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Characterization of seawater intrusion using 2D electrical imaging
Nguyen, F.; Kemna, A.; Antonsson, A.; Engesgaard, P.; Kuras, O.; Ogilvy, R.; Gisbert, J.; Jorreto, S.; Pulido-Bosch, A. (2009). Characterization of seawater intrusion using 2D electrical imaging. Near Surface Geophysics 7(5-6): 377-390
In: Near Surface Geophysics. EAGE Holding: Houten. ISSN 1569-4445, more
Peer reviewed article  

Available in Authors 

Keyword
    Marine

Authors  Top 
  • Nguyen, F., more
  • Kemna, A.
  • Antonsson, A.
  • Engesgaard, P.
  • Kuras, O.
  • Ogilvy, R.
  • Gisbert, J.
  • Jorreto, S.
  • Pulido-Bosch, A.

Abstract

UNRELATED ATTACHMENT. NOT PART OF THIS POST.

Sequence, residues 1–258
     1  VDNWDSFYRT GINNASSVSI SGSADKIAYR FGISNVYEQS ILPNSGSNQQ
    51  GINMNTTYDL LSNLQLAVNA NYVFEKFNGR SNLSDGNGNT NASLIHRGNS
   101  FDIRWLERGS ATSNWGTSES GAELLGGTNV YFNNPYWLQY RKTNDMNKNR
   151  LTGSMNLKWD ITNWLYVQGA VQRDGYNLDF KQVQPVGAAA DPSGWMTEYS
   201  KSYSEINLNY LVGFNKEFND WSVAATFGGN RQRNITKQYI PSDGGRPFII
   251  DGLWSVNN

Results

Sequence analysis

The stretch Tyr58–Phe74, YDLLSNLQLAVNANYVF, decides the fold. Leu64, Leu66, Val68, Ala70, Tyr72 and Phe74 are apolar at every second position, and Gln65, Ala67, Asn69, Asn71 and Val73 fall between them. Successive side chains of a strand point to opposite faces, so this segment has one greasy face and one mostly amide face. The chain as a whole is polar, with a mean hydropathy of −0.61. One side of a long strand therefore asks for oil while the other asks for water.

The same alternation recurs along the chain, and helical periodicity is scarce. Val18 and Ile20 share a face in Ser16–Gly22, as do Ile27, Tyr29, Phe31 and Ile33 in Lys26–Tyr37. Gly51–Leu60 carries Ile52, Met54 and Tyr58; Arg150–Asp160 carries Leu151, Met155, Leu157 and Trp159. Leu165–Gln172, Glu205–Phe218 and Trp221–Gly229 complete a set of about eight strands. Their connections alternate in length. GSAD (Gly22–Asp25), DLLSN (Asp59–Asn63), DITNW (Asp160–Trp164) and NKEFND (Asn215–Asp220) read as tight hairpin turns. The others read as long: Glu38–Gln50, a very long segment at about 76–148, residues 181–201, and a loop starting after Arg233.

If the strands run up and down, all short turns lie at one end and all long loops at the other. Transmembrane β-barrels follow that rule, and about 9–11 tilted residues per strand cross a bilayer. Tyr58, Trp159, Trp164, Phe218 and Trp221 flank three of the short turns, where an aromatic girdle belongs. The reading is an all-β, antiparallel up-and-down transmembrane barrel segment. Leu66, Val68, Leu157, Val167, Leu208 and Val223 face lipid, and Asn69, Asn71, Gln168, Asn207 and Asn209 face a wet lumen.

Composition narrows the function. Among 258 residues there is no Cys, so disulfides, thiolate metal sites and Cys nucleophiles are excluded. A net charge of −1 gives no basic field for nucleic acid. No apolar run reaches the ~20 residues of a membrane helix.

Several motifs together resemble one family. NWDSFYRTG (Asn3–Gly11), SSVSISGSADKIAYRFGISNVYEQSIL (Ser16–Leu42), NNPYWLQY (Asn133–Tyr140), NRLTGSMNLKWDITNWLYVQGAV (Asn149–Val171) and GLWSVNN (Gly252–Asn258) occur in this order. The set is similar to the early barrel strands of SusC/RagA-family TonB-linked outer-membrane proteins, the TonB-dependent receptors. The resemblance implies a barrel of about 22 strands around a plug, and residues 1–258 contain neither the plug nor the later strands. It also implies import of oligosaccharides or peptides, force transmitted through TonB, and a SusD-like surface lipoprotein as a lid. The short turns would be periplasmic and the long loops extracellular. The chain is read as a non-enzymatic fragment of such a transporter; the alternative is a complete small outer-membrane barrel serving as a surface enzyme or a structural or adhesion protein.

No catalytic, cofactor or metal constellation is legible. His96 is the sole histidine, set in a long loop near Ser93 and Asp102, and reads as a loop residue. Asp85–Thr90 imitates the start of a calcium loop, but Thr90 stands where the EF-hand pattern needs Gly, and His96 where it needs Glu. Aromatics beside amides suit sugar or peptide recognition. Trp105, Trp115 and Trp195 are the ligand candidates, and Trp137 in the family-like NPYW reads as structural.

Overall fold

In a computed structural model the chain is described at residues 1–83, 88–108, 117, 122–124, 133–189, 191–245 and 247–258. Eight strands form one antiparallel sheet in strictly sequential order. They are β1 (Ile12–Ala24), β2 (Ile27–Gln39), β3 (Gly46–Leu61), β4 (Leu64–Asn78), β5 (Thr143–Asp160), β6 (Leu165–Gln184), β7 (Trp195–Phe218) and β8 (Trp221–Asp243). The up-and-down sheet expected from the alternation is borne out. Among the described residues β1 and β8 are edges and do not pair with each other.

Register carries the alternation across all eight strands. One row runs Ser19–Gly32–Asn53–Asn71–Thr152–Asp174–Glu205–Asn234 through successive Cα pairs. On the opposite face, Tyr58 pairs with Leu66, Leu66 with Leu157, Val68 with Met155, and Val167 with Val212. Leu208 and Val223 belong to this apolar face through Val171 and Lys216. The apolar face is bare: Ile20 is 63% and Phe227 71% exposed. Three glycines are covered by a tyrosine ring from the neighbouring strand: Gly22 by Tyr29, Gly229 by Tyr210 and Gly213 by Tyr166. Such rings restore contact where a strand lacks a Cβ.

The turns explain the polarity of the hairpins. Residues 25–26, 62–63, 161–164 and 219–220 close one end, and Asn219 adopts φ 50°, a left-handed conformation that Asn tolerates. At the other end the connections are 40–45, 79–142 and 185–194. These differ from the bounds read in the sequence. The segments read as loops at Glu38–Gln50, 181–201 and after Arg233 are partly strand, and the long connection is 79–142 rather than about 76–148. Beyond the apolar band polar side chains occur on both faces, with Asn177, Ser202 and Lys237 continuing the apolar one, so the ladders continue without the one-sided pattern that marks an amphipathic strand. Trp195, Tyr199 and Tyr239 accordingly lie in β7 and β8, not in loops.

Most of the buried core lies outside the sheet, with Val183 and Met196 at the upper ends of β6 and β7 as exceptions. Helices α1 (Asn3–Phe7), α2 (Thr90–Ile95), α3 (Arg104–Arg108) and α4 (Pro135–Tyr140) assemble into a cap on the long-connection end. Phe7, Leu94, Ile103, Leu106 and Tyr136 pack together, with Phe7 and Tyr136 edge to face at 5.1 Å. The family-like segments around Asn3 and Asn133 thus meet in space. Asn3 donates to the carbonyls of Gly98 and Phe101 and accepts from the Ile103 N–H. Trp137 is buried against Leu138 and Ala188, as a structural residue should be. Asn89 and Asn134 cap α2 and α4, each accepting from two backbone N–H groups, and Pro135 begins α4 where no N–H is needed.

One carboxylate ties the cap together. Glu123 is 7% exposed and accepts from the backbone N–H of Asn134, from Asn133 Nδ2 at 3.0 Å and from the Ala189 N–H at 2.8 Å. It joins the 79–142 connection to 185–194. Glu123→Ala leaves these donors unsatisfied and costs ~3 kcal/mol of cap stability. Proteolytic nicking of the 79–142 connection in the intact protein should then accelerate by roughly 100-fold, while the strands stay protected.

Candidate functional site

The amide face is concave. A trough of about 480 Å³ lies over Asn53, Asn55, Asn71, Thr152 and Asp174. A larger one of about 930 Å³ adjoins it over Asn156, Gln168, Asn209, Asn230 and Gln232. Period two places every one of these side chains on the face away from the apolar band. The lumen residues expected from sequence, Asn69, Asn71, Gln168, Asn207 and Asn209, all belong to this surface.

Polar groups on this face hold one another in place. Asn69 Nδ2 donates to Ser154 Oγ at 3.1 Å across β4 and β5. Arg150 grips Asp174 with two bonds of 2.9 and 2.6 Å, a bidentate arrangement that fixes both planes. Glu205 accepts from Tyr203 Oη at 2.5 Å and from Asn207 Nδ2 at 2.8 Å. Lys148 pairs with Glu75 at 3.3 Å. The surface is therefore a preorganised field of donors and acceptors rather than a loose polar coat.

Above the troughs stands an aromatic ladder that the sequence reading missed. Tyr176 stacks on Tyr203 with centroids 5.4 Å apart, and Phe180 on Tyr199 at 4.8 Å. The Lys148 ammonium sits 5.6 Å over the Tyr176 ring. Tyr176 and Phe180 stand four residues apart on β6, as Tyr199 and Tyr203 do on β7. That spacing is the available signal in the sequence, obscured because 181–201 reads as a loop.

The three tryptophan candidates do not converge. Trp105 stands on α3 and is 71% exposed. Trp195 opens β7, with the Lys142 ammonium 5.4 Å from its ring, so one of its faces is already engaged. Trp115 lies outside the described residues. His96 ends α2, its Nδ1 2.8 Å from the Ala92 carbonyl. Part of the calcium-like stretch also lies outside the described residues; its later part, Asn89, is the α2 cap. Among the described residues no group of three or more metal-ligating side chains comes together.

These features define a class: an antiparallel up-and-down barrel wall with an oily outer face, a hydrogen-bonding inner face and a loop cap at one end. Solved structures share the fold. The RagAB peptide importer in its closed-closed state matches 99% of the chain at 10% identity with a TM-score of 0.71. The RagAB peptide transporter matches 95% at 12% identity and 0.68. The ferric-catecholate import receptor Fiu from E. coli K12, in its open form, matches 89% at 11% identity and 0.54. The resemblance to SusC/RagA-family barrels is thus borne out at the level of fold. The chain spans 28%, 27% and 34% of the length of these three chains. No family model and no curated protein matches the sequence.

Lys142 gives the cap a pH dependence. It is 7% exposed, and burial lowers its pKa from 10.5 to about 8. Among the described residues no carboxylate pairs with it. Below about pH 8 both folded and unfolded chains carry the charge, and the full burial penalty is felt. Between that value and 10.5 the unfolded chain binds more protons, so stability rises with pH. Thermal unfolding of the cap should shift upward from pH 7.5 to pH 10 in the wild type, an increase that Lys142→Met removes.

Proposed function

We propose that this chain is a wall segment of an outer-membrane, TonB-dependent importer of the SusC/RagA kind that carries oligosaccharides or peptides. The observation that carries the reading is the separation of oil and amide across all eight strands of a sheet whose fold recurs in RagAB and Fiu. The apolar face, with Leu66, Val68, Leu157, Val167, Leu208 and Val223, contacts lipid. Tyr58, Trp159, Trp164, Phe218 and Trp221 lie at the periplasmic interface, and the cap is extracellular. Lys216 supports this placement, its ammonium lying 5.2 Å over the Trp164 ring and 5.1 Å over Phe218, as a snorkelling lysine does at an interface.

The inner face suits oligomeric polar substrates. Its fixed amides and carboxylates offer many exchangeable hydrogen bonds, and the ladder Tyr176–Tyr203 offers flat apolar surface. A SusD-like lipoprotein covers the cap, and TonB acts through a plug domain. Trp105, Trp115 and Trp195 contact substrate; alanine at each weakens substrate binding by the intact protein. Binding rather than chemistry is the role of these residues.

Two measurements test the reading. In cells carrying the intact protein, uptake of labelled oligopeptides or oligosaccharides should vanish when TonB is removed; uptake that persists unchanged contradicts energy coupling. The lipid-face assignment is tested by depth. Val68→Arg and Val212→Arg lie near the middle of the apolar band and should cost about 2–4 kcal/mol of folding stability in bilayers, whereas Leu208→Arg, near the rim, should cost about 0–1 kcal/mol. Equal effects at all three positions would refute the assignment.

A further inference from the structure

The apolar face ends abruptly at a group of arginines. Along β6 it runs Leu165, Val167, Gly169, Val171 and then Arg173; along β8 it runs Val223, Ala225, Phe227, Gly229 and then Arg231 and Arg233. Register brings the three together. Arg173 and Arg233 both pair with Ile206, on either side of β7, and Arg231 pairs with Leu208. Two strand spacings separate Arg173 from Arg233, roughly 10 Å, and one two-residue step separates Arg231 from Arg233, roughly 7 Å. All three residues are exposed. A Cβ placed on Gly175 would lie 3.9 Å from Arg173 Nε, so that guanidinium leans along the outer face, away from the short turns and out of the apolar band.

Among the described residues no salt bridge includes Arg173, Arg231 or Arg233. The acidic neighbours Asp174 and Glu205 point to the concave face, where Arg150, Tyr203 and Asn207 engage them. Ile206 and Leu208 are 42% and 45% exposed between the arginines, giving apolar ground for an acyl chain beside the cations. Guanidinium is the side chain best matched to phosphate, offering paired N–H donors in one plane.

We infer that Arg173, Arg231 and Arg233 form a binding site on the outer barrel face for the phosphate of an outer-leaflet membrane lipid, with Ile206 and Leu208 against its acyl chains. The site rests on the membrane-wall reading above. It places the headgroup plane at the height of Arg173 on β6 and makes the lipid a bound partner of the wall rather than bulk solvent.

We have investigated the potential of 2D electrical imaging for the characterization of seawater intrusion using field data from a site in Almeria, SE Spain. Numerical simulations have been run for several scenarios, with a hydrogeological model reflecting the local site conditions. The simulations showed that only the lower salt concentrations of the seawater-freshwater transition zone could be recovered, due to the loss of resolution with depth. We quantified this capability in terms of the cumulative sensitivity associated with the measurement setup and showed that the mismatch between the targeted and imaged parameter values occurs from a certain sensitivity threshold. Similarly, heterogeneity may only be determined accurately if located in an adequately sensitive area. At the field site, we identified seawater intrusion at the scale of a few kilometres down to a hundred metres. Borehole logs show a remarkable correlation with the image obtained from surface data but indicate that the electrically derived mass fraction of pure seawater could not be recovered due to the discrepancy between the in-situ and laboratory-derived petrophysical relationships. Surface-to-hole inversion results suggest that the laterally varying resolution pattern associated with such a setup dominates the image characteristics compared to the laterally more homogeneous resolution pattern of surface only inversion results and hence, surface-to-hole images are not easily interpretable in terms of larger-scale features. Our results indicate that electrical imaging can be used to constrain seawater intrusion models if image appraisal tools are appropriately used to quantify the spatial variation of sensitivity and resolution. The most crucial limitation is probably the apparent non-stationarity of the petrophysical relationship during the imaging process.

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